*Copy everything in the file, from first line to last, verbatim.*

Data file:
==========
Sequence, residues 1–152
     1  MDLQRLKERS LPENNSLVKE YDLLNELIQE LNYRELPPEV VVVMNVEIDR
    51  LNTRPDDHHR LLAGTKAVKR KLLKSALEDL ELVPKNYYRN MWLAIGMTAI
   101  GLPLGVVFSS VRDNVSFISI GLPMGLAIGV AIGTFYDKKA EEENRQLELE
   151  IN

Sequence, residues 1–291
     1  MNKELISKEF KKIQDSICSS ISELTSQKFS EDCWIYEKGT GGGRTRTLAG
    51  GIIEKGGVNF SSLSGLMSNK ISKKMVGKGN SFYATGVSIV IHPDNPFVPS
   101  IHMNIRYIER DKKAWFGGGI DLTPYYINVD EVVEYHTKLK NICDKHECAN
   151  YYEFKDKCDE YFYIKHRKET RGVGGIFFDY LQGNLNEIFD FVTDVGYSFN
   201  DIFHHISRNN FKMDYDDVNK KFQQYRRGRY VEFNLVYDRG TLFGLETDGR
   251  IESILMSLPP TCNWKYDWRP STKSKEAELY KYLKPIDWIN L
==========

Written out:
Sequence, residues 1–152
     1  MDLQRLKERS LPENNSLVKE YDLLNELIQE LNYRELPPEV VVVMNVEIDR
    51  LNTRPDDHHR LLAGTKAVKR KLLKSALEDL ELVPKNYYRN MWLAIGMTAI
   101  GLPLGVVFSS VRDNVSFISI GLPMGLAIGV AIGTFYDKKA EEENRQLELE
   151  IN

Sequence, residues 1–291
     1  MNKELISKEF KKIQDSICSS ISELTSQKFS EDCWIYEKGT GGGRTRTLAG
    51  GIIEKGGVNF SSLSGLMSNK ISKKMVGKGN SFYATGVSIV IHPDNPFVPS
   101  IHMNIRYIER DKKAWFGGGI DLTPYYINVD EVVEYHTKLK NICDKHECAN
   151  YYEFKDKCDE YFYIKHRKET RGVGGIFFDY LQGNLNEIFD FVTDVGYSFN
   201  DIFHHISRNN FKMDYDDVNK KFQQYRRGRY VEFNLVYDRG TLFGLETDGR
   251  IESILMSLPP TCNWKYDWRP STKSKEAELY KYLKPIDWIN L